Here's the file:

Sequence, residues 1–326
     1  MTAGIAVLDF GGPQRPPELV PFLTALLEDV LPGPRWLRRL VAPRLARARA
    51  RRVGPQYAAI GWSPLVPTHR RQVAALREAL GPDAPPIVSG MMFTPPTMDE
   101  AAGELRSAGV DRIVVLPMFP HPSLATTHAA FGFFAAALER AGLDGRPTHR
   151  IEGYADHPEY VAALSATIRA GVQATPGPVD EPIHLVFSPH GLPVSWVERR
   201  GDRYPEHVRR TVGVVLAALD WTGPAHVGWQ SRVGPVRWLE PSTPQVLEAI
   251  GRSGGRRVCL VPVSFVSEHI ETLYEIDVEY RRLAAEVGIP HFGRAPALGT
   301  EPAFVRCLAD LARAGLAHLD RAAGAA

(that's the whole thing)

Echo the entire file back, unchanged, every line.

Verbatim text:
Sequence, residues 1–326
     1  MTAGIAVLDF GGPQRPPELV PFLTALLEDV LPGPRWLRRL VAPRLARARA
    51  RRVGPQYAAI GWSPLVPTHR RQVAALREAL GPDAPPIVSG MMFTPPTMDE
   101  AAGELRSAGV DRIVVLPMFP HPSLATTHAA FGFFAAALER AGLDGRPTHR
   151  IEGYADHPEY VAALSATIRA GVQATPGPVD EPIHLVFSPH GLPVSWVERR
   201  GDRYPEHVRR TVGVVLAALD WTGPAHVGWQ SRVGPVRWLE PSTPQVLEAI
   251  GRSGGRRVCL VPVSFVSEHI ETLYEIDVEY RRLAAEVGIP HFGRAPALGT
   301  EPAFVRCLAD LARAGLAHLD RAAGAA